The governor has requested $94 billion in aid from Congress, which passed an additional assistance package of $81 billion that includes Texas, Florida, Puerto Rico and California in late December. Now the bill is in the hands of the Senate. It is safe to say the hurricane put Puerto Rico in the Washington spotlight for the first time in decades.
Some of the critical advances Rosselló accomplished now have to be reworked, as the hurricane derailed some of the initiatives, specifically regarding the fiscal plan. Even as disruptive as this event was, the whole country has seen a governor who works hard for his people, who is committed and has a sense of urgency and an impressive work ethic.
In our view, his most important advances:
- Placing Puerto Rico on the Washington agenda for hurricane relief & FEMA: For decades, Puerto Rico was absent in the Washington agenda, which Rosselló changed.
- Seeking Medicare and Medicaid parity: Puerto Ricans pay 100% of the Medicare and Medicaid insurance costs, yet they receive less than 40% of the benefits, a discriminatory practice in any book. The governor has taken that message to the point that parity may be on the horizon.
- Making sure the U.S. public understands that there are 3.4 million U.S. citizens that live in Puerto Rico: As recently as Sept. 26, and at the peak of the news cycle coverage about the destruction wrought on the island, a total of 54% of Americans did not know Puerto Ricans are U.S. citizens.
On the flipside, most experts agree that most of the governor’s mistakes came after Hurricane María. Our observations follow:
- Establishing that 95% of Puerto Rico would have electricity by Dec. 15, 2017: Even as hopeful as this goal was, it gave expectations to people who were desperate, a less-aggressive goal would have been better.
- The Whitefish contract: Granting a contract of up to $300 million to a two-person company without much history should have been avoided. It created a storm in Washington that altered Puerto Rico’s credibility. The Puerto Rico Electric Power Authority (Prepa) could have easily avoided the scandal by requesting aid from the American Public Power Association (APPA).
- Waiting 45 days to request APPA aid: Although this was in Prepa’s court, it impacted the governor directly.
We are all cautiously optimistic that 2018 shall provide the basis to rebuild Puerto Rico more resiliently. If anything, we are sure the governor will make strides in that direction.
Prasa the shining star amid the crisis
As we all saw, the hurricane decimated most of our essential services, none more necessary than water. The destruction of Prasa’s infrastructure, electrical generation, flooding of facilities spread throughout Puerto Rico, resulting in hundreds of challenges.
Engineer and attorney Elí Díaz is Prasa’s president and CEO. We have known the Jayuya native and his family for more than 25 years. Some may say that would make our review of his performance biased. However, let’s examine the data so you may draw your own conclusion. During this crisis, we saw an active executive who managed the crisis with stellar results.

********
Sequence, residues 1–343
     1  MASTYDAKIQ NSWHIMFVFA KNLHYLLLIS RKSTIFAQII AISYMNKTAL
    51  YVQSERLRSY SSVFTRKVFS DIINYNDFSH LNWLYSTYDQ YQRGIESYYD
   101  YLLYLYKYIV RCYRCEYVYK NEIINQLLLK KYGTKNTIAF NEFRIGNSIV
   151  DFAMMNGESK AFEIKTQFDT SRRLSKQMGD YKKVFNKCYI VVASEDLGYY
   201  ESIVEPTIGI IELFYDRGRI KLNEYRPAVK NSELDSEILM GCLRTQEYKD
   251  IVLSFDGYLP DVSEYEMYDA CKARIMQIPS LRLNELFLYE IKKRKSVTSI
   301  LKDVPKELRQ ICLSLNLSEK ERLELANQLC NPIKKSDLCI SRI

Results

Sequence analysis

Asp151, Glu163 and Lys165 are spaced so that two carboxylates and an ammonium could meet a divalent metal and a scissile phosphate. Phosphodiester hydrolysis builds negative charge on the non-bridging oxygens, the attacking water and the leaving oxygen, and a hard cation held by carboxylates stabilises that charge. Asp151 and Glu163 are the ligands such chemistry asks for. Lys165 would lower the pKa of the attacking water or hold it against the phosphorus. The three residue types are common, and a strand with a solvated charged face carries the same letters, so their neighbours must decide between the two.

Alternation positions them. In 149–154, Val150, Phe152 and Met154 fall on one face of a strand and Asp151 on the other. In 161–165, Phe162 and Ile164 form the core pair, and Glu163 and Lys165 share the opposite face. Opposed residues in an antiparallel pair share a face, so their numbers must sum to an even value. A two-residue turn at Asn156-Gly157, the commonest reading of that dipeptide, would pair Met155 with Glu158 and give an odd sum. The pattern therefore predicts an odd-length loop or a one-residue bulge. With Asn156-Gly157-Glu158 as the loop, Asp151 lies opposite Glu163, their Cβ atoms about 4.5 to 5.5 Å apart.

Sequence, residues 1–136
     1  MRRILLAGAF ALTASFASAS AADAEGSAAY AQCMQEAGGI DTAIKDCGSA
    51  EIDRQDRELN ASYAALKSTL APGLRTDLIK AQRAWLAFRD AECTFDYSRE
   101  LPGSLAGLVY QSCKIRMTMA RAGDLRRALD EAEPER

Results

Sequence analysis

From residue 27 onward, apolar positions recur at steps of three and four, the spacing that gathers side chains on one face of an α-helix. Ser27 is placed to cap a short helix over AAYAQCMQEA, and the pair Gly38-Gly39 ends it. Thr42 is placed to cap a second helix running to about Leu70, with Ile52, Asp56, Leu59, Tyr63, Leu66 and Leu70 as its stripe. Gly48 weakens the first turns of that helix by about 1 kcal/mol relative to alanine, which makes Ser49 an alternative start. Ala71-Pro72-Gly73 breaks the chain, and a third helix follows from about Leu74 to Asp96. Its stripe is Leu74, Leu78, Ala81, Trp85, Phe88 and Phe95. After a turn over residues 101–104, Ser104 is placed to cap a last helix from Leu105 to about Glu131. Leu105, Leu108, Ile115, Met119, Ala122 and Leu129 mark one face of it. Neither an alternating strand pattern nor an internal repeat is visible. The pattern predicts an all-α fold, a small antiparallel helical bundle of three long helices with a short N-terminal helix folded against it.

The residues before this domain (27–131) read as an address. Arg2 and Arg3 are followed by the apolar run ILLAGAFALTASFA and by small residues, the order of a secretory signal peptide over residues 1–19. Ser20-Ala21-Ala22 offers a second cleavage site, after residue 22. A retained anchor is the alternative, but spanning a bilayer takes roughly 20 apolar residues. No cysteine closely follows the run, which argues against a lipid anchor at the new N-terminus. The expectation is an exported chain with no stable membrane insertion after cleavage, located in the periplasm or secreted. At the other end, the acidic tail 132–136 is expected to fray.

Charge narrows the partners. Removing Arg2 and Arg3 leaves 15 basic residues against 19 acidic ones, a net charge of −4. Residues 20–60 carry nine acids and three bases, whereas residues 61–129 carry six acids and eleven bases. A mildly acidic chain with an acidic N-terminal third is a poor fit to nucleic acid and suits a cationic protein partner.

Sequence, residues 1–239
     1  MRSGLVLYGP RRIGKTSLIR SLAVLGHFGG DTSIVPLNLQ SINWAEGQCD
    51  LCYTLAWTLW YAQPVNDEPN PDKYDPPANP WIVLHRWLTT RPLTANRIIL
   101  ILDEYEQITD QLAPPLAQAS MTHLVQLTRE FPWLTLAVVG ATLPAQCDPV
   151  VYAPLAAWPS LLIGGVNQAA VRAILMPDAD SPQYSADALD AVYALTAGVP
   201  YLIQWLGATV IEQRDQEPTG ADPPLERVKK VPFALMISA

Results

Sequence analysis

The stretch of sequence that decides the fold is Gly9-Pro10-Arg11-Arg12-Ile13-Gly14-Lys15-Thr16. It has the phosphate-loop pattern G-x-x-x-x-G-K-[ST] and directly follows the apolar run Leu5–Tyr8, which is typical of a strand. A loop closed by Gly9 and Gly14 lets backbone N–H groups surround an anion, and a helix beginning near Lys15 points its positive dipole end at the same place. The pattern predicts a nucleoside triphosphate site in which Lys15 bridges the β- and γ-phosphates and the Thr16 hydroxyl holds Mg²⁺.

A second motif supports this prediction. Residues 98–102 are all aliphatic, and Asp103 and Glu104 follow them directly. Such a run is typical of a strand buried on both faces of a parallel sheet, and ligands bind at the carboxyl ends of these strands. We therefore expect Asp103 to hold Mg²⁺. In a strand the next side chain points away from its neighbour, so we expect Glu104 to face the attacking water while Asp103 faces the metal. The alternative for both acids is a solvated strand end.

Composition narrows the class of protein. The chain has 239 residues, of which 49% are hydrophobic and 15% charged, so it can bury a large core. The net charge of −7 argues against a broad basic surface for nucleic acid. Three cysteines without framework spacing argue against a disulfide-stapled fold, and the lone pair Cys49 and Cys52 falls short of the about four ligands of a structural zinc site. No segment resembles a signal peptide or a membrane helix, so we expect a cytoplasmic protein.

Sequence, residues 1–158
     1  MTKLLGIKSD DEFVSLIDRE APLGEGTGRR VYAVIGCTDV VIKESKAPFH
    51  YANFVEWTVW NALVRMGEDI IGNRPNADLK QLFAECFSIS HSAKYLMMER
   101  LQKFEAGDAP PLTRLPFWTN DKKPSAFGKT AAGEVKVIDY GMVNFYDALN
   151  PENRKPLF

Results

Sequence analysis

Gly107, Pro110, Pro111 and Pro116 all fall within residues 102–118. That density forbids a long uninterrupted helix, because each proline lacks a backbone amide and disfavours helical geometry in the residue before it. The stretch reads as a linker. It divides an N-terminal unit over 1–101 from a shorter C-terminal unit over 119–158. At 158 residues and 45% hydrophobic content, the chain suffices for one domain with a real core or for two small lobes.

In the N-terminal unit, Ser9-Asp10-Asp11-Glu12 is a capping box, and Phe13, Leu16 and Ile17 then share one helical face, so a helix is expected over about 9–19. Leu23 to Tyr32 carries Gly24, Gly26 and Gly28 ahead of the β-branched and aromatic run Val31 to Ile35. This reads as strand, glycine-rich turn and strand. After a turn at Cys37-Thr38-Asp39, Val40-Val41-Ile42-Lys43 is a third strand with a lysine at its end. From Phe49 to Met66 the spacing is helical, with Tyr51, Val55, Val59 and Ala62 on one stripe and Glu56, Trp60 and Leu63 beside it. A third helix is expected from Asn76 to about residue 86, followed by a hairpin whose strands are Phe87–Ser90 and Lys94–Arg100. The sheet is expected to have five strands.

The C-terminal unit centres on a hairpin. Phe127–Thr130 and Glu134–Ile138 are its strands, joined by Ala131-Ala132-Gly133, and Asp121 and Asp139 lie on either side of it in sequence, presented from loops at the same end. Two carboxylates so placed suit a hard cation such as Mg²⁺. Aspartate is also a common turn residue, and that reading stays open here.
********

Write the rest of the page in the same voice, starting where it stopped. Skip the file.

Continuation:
Prasa was able to provide water service to 62.5% of its customers by Oct. 13 and is currently providing 96.31%. The public utility installed more than 1,000 electric generators but needs over 400 more. It provided an water oasis in every town, efficiently and transparently communicated with the public via radio, TV and news outlets and continues to do so daily. It has discussed its billing process after the hurricane so no one is confused.
We have heard Díaz has often said he will not rest until every Puerto Rican has access to water, and we have no doubt he will accomplish his goal. Prasa is one of the most complex operations our government runs, and to see Díaz thrive during this emergency and succeed in reaching these impressive reconstruction statistics should be an example to every public servant.
We are fortunate to have a person like Díaz as CEO of Prasa. He has qualities that rise above the fray, not only in capability, responsibility, character and moral integrity, but also the the sensibility to help those in need, a trait learned from his parents.
Final Word: How to measure our leaders
While gauging the government through significant economic benchmarks is important, the way the government is managed must also be strengthened.
Benchmarking the government’s performance by comparing it to the past can enhance oversight and accountability of programs, improve the effectiveness and efficiency of services and determine what works while providing critical information needed for making difficult decisions.
It is effortless to evaluate the work of our leaders once it has been accomplished. What is not natural is considering things from their point of view.
No one has said it better than Atticus Finch in “To Kill a Mockingbird”:
“You never really understand a person until you consider things from his point of view–until you climb into his skin and walk around in it.”
Few know how hard it is to run a country, much less one that is divided or one that’s destroyed.
–Francisco Rodríguez-Castro is president & CEO of Birling Capital. He has served in government, multinational and public corporations for more than 25 years and has advised multiple entities in a diverse array of market segments. He has also participated in multiple mergers and acquisitions as well as in structuring transactions that combined surpass $10 billion.